Growing Bromeliads at Home

These plants are tropical, colorful, and easy to care for

bromeliad varieties

The Spruce / Letícia Almeida 

Bromeliads are one of the best tropical plants to grow in your home. They are extremely adaptable, tolerating a variety of home environments. By following a few basic techniques, you can watch these beautiful and brightly colored plants thrive and flower for years to come.

closeup of a pink bromeliad
The Spruce / Letícia Almeida 

Why Grow Bromeliads?

  • They are easy to grow indoors.
  • Most species tolerate infrequent watering.
  • They have beautiful forms, foliage, and flowers.
  • The flowers (inflorescence) last three months or more.
  • They reproduce consistently and rapidly.
  • There are few pests and diseases that attack bromeliads.

General Cultural Requirements of Bromeliads

Most bromeliads are very adaptable and resilient house plants. Bromeliads can be either epiphytic (growing in air), saxicolous (growing on rocks), or terrestrial (growing in the ground). Most do well in pots and planters that provide good drainage and air flow. Listed below are basic guidelines that will allow bromeliads to thrive and bloom repeatedly in your home.

  • Bromeliads can be grown in windows or under fluorescent light. Most bromeliads thrive in bright, indirect light. In the summer, they can be grown outdoors.
  • Bromeliads tolerate a broad range of temperatures from near freezing to 100 F. The majority of bromeliads are happiest in temperatures that range between 65 to 90 F during the day and 50 to 65 F at night.
  • Most bromeliads benefit from high humidity and good air circulation. An easy way to increase the humidity is to place a tray of wet gravel under the pots. This is particularly important when the heat or air conditioner is on in your home. You can also buy a special humidity tray with a unique drainage system that lets you maintain water in the tray for constant humidity.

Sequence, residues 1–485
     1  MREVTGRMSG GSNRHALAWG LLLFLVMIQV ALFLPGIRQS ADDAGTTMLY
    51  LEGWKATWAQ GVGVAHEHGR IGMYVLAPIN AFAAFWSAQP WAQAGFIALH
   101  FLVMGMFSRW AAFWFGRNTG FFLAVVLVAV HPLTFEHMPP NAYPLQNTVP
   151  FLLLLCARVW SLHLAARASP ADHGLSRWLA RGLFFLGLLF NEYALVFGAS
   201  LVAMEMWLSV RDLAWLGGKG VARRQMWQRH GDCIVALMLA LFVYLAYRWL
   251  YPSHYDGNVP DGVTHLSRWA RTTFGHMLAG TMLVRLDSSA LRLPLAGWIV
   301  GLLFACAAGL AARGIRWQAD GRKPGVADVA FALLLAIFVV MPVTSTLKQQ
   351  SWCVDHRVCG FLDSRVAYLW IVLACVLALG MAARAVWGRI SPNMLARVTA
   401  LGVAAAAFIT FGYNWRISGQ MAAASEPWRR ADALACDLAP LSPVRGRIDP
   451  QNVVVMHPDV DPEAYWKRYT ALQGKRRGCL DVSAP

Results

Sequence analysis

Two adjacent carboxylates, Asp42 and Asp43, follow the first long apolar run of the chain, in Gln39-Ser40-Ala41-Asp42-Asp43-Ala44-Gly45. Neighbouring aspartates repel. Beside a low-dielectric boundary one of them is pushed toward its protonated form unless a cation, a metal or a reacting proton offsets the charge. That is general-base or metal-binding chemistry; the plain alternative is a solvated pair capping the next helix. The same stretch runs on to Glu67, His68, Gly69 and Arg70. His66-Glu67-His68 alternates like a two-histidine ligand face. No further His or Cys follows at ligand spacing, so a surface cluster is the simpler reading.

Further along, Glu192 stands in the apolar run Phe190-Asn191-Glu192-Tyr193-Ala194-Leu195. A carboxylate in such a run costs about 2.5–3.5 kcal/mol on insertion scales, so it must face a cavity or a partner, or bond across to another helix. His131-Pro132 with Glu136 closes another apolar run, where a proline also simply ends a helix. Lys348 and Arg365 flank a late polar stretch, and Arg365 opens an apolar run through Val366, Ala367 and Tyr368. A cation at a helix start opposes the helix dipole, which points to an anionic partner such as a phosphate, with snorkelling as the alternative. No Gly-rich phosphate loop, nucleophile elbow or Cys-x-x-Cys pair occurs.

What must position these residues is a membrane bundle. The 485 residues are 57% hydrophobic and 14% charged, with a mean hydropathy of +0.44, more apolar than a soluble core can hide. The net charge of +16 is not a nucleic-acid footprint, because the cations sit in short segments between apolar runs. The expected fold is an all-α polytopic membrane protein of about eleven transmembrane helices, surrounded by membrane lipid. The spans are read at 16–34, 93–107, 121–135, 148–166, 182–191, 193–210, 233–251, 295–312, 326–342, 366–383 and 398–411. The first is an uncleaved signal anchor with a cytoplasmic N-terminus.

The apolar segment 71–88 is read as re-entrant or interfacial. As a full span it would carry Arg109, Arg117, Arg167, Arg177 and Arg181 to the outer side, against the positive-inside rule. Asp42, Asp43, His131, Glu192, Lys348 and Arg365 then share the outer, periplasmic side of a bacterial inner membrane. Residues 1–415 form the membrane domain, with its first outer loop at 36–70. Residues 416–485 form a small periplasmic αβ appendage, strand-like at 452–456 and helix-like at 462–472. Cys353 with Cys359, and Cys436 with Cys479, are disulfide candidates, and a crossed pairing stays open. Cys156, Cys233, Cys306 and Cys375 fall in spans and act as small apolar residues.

• Potting soils should be acidic and hold moisture yet drain quickly. Orchid mixes, peat moss, sphagnum moss and charcoal all work well, as do soilless potting mixes. One easy recipe is half soilless mix and half orchid mix (fine grade). Two things to avoid: Do not use garden soil and do not add a layer of drainage material to the bottom of the pot (drainage only works if the upper level is saturated. The idea is to avoid potting mediums that become saturated).
  • Epiphytic bromeliads can either be grown in a pot or mounted on pieces of wood with nylon ties or nontoxic, waterproof glue.
  • Bromeliads that are grown in the air should be watered daily by drenching the plant. They also benefit from being soaked, by immersing the plants in water once a week.
  • Tank bromeliads are plants that hold water in the reservoirs of their leaves. The roots serve to anchor these plants, while the leaves take on the function of water and nutrient absorption. The cups should be full of water at all times—flush the cup with water once a week. The potting medium should be watered, but allowed to dry out between watering.
  • Use a water soluble fertilizer mixing it at 1/8 to 1/4 the dose recommended on the bottle. Do not fertilize in the winter months when the plants have reached maturity and are starting to flower. Fertilize during the growing season every other week to once a month.